Historical map of the Neo-Hittite states, ca. 800 BC, showing location of Tabal.

Tabal (Bib. Tubal, Gk. Τιβαρηνοί Tibarenoi, Lat. Tibareni, Thobeles in Josephus) was a Luwian speaking Neo-Hittite kingdom of South Central Anatolia, forming after the collapse of the Hittite Empire and surviving into Roman times.

Some scholars associate them with the Meshechs (Meshekhs/Mosokhs, Moschoi in Greek). According to the archaeologist Kurt Bittel, Tabal first appears after the collapse of the Hittite Empire.[1] The Assyrian king Shalmaneser III records that he received gifts from their 24 kings in 837 BC and the following year. A century later, their king Burutash is mentioned in an inscription of king Tiglath-Pileser III. They have left a number of inscriptions from the 9th-8th centuries BC in hieroglyphic-Luwian in the Turkish villages of Çalapverdi and Alişar.

The Georgian historian Ivane Javakhishvili considered Tabal, Tubal, Jabal and Jubal to be ancient Georgian tribal designations, and argued that they spoke a non-Indo-European language.

They and other related tribes, the Chalybes (Khalib/Khaldi) and the Mossynoeci (Mossynoikoi in Greek), are sometimes considered the founders of metallurgy. These three tribes still neighbored each other, along the Black Sea coast of Anatolia (ancient Pontus), as late as in Roman times (the tribes were known in Latin as Tibareni, Chalybes, and Mossynoeci/Mosynoeci).

On the evidence of Hecataeus, Herodotus, Xenophon, Strabo and others, the tribe of the Tibareni (Tibarenoi in Greek) lived in the north of the territory of Tabal.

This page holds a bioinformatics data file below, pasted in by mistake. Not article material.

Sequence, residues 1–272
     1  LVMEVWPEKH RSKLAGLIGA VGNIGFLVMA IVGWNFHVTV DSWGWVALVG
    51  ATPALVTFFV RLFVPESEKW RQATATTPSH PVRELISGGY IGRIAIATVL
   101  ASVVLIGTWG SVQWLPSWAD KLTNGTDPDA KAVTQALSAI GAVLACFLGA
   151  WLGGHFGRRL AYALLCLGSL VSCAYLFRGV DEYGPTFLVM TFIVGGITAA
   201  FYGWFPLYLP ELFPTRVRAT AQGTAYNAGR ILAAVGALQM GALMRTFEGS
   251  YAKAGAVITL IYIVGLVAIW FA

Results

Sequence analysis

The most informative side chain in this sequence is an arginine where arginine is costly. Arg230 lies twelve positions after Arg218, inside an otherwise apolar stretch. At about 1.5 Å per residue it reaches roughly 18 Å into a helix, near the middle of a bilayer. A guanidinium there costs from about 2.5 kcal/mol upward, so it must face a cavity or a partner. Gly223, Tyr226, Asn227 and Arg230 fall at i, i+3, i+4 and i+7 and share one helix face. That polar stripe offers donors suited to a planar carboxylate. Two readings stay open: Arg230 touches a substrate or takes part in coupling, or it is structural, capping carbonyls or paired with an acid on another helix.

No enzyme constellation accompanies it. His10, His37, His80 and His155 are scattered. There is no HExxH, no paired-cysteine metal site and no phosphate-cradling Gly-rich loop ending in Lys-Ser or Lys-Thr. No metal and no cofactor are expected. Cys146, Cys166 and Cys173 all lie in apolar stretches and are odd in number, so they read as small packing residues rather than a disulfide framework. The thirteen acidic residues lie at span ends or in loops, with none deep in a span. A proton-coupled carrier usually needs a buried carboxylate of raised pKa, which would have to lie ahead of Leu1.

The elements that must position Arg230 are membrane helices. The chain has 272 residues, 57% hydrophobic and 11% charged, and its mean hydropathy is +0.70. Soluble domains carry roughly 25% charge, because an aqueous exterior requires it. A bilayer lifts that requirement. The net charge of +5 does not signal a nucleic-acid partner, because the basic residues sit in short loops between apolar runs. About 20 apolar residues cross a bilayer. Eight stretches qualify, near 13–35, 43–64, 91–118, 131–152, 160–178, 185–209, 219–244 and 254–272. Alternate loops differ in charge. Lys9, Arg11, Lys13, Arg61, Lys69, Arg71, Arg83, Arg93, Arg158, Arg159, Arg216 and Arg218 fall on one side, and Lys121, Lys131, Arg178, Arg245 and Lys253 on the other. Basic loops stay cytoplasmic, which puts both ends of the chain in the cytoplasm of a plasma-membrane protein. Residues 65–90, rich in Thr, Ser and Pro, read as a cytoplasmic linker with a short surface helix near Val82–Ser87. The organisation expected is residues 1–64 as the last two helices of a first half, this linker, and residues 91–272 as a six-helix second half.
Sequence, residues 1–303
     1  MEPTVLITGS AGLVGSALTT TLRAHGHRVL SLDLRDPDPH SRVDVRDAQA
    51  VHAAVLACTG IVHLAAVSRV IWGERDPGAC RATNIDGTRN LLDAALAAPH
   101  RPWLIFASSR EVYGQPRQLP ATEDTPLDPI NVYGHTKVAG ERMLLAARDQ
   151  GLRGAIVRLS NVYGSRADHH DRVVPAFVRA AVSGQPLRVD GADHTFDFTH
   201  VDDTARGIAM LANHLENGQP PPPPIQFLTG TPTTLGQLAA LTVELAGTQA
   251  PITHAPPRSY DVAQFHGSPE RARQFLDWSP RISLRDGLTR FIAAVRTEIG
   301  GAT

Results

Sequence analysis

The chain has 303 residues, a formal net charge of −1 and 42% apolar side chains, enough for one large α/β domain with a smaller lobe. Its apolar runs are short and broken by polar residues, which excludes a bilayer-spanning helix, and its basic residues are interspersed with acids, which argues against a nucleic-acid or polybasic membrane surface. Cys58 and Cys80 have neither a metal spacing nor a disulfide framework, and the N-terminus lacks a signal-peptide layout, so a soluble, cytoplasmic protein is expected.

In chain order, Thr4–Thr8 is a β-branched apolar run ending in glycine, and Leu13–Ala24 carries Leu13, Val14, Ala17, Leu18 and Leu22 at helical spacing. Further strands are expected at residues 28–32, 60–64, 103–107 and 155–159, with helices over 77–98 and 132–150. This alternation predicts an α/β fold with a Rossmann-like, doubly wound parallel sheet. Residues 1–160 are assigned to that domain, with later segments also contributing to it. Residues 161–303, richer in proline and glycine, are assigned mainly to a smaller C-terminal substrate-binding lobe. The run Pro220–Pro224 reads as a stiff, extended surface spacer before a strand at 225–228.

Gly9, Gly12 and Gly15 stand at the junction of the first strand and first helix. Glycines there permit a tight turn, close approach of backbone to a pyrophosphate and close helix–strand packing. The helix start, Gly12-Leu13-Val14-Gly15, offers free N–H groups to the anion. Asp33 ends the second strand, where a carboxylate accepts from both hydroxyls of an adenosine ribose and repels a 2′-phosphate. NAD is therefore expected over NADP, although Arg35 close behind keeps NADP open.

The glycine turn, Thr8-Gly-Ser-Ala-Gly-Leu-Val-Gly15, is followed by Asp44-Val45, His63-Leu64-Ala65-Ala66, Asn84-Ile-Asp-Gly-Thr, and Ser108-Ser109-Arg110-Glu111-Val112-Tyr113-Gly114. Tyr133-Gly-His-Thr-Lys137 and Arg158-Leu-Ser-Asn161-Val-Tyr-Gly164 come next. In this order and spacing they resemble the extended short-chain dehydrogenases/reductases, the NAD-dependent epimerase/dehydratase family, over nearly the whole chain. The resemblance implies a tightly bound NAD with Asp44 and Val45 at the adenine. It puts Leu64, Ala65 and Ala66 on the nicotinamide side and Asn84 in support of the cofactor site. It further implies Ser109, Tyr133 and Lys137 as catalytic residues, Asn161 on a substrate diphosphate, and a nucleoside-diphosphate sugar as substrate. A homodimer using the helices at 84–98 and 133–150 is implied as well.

The known later rulers of Tabal are:[2]

  • Ambaris (until ca. 713)
  • Hidi (ca. 690)
  • Mugallu (ca. 670)
  • x-ussi (ca. 650)


  • Ivane Javakhishvili. Historical-Ethnological problems of Georgia, the Caucasus and the Near East. Tbilisi, 1950, pp. 130–135 (in Georgian)
  • Simon Janashia. Works, vol. III. Tbilisi, 1959, pp. 2–74 (in Georgian)
  • Nana Khazaradze. The Ethnopolitical entities of Eastern Asia Minor in the first half of the 1st millennium BC. Tbilisi, 1978, pp. 3–139 (in Georgian, Russian and English)


  1. Kurt Bittel, Hattusha: The Kingdom of the Hittites, (New York: Oxford University Press, 1970. p.133
  2. Tübinger Bibelatlas / Tübingen Bible Atlas. Siegfried Mittmann, Götz Schmitt (eds.), Stuttgart: Deutsche Bibelgesellschaft, 2001, Map B IV 13.

See also

External Links

  • Some or all of this article is forked from Wikipedia. The original article was at Tabal. The list of authors can be seen in the page history.

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